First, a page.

The Louisiana Property and Casualty Insurance Commission is a panel created by statute and made up of members from various backgrounds representing government, consumers, and members of the insurance industry. The panel exists to suggest changes and improve the State’s insurance market. To that end, the Commission reviews and examines issues affecting the availability and affordability of property and casualty insurance and creates a report covering its findings. I was reviewing the most recent report, which covers 2019 and 2020, and I thought it was interesting just how much has changed since the last report was released.

The bullet points regarding homeowner’s insurance noted the state of the market as of December 2019. The points were as follows:

  • The voluntary market remains competitive after its re-establishment after 2005.
  • The market is stable with 28 new insurers writing in Louisiana since 2005.
  • Citizens’ residual market share for the homeowners’ market decreased from 9.8% to 0.4% since 2008—a 95% decrease in the homeowners’ market share since 2008.
  • Statewide average market-wide homeowner insurance premium increase of only 1.6% in 2019, following 0.7% in 2018.
  • Louisiana ranked first in the average cost of homeowners’ insurance in 2017 at $1,968; Florida ranked second at $1,951; Texas ranked third at $1,893, according to the most recent NAIC data.
  • Homeowners’ rate increases from 2008-2017 were at a slightly lower rate (40.1%) than the national average (45.9%) during that period.

Obviously, we are sitting in a very different place today. December 2019 was before Hurricanes Laura, Delta, Zeta, and Ida, and the devastating losses they created had not yet occurred. A new report covering 2021 and 2022 has not been released, but we can anticipate some of the fairly drastic changes that it will show.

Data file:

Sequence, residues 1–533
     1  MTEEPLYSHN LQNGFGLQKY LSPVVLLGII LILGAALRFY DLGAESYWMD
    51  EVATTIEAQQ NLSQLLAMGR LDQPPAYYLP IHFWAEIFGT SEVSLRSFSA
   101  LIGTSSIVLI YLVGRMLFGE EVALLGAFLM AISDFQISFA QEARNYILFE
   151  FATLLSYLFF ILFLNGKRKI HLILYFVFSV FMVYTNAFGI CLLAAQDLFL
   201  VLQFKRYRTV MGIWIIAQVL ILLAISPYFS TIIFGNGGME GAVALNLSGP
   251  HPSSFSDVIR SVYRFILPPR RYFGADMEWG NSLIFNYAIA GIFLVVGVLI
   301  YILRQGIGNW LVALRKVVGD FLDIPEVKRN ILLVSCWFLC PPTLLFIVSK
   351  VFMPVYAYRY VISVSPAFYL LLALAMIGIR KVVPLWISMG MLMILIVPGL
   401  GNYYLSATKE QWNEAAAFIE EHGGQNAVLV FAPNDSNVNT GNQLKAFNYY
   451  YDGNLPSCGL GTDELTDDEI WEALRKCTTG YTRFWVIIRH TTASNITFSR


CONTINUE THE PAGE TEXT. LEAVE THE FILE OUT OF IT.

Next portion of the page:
First, there is currently a paucity of insurers writing policies in Louisiana. Louisiana lost nine insurers to insolvency and many more decided to stop writing new policies in the State or pull out altogether. That means Louisiana Citizen’s market share will certainly have gone up. The statewide average premium increase will no doubt have gone up as well. We know that LA Citizen’s has already been approved to increase their homeowner’s property insurance rates by 63% beginning January 1, 2023. As for where Louisiana ranks nationally in terms of average cost, it’s hard to imagine why we would have dropped out of first place in 2021 and 2022, even with the storms this year in Florida.

So, what’s the point of this exercise? 2019 was a different time for the Louisiana property insurance market. Plenty of people are using the word ‘crisis’ to describe the current state of property insurance in Louisiana. Personally, I find it useful to be reminded that things were not always the way they are now. Circumstances change, new opportunities are created, and the market will look different again.

The Louisiana Department of Insurance issued Regulation 125, the Insure Louisiana Incentive Program, on November 9th. The program offers incentives in the form of cash grants to qualified property insurers with the goal of encouraging additional insurers to write in the State, increase competition, and take some of the pressure off Louisiana Citizens. The program is not perfect, but it is a step in the right direction, and Commissioner Donelon should be applauded for his efforts.